The U.S. military's top general told troops stationed in this Persian Gulf state to brace for long-term conflict because he could see no end to the administration's declared war on global terrorism.
On the first stop of a three-day visit to the gulf region and Afghanistan, Gen. Richard B. Myers, chairman of the Joint Chiefs of Staff, was asked several times by soldiers for some indication of an administration exit strategy and for a lessening of the repeated and extended deployments that many troops are now experiencing.
"I can't give you a good answer," he said. "I just can't do it because there's just too much uncertainty out there."
Myers said that declaring victory and ending the anti-terrorism campaign would require meeting three goals set by President Bush last year: disrupting or destroying terrorist networks, denying terrorists safe havens, and making sure that chemical, biological and nuclear weapons did not fall into the hands of terrorists.
With the Pentagon preparing to send more troops to the region next month in anticipation of a possible invasion of Iraq, Myers said several times today that he could not predict how things would play out. He insisted that there was no set timetable for attacking Iraq, saying that much still depended on the responses of President Saddam Hussein to U.N. weapons inspection teams.
After flying overnight from Washington, Myers spent much of the day touring three military camps in Qatar that would play central roles in any invasion: Al Udeid air base, where American tankers have been flying refueling missions; another air base known as "Camp Snoopy," where U.S. transport aircraft operate re-supply flights; and Camp Al Sayliyah, where the U.S. Central Command set up a forward command headquarters this month to run a war.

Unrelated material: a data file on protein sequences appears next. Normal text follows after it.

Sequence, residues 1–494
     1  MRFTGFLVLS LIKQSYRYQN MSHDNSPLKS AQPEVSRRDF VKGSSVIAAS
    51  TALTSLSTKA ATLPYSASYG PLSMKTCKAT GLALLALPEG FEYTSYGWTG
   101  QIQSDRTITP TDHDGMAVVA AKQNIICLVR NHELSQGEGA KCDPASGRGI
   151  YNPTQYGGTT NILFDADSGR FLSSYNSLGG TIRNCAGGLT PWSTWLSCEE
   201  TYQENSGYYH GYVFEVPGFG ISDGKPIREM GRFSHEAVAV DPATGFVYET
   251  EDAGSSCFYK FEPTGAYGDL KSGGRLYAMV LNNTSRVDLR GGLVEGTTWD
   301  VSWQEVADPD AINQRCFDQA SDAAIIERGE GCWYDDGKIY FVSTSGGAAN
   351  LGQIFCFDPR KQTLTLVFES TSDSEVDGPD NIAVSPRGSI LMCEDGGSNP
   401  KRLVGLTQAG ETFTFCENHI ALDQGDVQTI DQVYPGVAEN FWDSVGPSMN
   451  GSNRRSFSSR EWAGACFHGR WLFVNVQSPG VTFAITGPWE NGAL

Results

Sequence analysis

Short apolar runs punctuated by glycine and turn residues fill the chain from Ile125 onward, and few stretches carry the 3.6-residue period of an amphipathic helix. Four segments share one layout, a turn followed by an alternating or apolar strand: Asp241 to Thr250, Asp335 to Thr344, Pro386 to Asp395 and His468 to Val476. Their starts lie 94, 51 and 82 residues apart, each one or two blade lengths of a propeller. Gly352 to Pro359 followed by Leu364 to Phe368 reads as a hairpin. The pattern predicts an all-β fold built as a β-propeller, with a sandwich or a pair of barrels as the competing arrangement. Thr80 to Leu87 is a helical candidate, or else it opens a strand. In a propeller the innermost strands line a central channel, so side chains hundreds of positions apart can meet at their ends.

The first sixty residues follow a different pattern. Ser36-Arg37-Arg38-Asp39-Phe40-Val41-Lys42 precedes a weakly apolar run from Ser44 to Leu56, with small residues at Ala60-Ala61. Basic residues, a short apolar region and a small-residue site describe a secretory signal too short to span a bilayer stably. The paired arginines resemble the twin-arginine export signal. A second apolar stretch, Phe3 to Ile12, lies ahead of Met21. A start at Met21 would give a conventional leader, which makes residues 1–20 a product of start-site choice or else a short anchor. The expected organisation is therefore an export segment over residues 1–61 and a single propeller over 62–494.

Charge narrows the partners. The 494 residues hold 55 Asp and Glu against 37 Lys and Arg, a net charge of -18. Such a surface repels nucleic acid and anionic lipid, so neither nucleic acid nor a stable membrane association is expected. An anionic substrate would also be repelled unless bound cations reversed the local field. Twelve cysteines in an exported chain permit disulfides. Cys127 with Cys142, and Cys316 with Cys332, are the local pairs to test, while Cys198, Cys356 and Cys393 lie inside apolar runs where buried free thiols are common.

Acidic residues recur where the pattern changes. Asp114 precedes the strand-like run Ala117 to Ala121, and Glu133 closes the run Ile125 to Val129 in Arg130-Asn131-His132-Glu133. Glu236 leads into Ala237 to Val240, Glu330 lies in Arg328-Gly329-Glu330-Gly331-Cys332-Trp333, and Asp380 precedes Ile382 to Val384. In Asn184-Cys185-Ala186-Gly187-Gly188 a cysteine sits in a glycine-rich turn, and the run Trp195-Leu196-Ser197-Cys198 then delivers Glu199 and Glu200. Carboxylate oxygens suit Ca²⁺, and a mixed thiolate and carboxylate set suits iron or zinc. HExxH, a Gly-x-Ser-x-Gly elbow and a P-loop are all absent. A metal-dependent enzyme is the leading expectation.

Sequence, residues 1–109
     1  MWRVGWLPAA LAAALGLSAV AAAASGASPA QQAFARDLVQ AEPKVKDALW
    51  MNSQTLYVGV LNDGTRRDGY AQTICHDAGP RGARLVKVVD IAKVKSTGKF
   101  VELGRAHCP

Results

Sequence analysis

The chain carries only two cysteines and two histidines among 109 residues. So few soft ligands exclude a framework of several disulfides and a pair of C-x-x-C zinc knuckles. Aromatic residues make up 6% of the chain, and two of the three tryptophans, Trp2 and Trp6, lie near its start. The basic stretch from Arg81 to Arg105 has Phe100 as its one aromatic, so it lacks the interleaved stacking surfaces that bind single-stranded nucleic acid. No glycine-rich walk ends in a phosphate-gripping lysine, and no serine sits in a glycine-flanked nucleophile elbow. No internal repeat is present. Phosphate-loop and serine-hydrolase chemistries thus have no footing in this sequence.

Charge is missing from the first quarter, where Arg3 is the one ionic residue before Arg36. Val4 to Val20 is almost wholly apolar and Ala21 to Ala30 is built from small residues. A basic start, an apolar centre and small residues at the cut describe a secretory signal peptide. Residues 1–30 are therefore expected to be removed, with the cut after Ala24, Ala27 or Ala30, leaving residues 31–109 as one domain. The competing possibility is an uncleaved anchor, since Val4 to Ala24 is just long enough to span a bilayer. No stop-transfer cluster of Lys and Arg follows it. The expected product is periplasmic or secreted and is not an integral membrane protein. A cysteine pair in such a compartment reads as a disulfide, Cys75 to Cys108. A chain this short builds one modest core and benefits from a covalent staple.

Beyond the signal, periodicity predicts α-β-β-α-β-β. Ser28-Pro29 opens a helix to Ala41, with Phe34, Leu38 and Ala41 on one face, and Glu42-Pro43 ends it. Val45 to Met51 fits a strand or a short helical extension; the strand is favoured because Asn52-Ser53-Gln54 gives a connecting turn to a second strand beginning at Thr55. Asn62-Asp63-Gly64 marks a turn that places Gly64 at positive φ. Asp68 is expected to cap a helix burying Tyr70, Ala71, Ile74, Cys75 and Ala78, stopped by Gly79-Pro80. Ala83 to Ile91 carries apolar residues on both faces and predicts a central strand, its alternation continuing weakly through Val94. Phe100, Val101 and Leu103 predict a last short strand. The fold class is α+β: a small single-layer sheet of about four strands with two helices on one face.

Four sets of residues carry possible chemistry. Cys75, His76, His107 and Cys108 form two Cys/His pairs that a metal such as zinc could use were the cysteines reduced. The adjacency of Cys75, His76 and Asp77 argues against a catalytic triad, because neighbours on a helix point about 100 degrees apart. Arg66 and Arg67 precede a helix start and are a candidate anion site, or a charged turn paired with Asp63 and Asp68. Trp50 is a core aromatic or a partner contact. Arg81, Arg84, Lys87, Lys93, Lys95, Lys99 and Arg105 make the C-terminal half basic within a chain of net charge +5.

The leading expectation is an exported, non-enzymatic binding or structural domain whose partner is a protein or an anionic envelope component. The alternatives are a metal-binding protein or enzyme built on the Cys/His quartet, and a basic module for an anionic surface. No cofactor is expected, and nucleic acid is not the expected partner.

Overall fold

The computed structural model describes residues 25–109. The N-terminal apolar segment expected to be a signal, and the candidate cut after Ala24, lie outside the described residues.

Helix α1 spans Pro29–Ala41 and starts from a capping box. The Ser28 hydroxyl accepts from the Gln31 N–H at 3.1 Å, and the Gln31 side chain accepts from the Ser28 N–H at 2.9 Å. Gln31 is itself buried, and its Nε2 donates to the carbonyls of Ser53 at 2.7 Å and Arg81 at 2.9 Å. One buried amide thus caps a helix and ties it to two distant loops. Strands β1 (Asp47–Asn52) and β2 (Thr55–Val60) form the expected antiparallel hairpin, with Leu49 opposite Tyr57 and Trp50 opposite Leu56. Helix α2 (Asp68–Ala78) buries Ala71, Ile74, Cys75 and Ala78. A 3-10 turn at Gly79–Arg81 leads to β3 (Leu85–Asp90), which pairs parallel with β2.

Packed with computer terminals, secure phones and flat-screen video monitors, the post is designed to enable officers to monitor military operations throughout the Central Command region, from southwestern Asia to the Horn of Africa.
Myers said he found U.S. troops in Qatar "pretty upbeat," but the soldiers made no secret of their interest in learning when war might come.
Air Force Col. Tim Scott, the base commander at Al Udeid, said his biggest challenge these days was "just keeping rumors under control," because "no one outside of a select few has an idea of what the plan is."
For entertainment, Myers was joined by two celebrities sponsored by the USO: New York Yankees pitcher Roger Clemens and comedian Drew Carey, a former Marine reservist, whose opening line captured the sentiments of many troops in this barren, sandy expanse.
"What I love about this place is, no matter where you look -- 360 degrees -- you're always reminded how screwed you are," Carey said to widespread laughter. "There's no place on the horizon you can focus on and say, 'Home.' Stuck in the desert."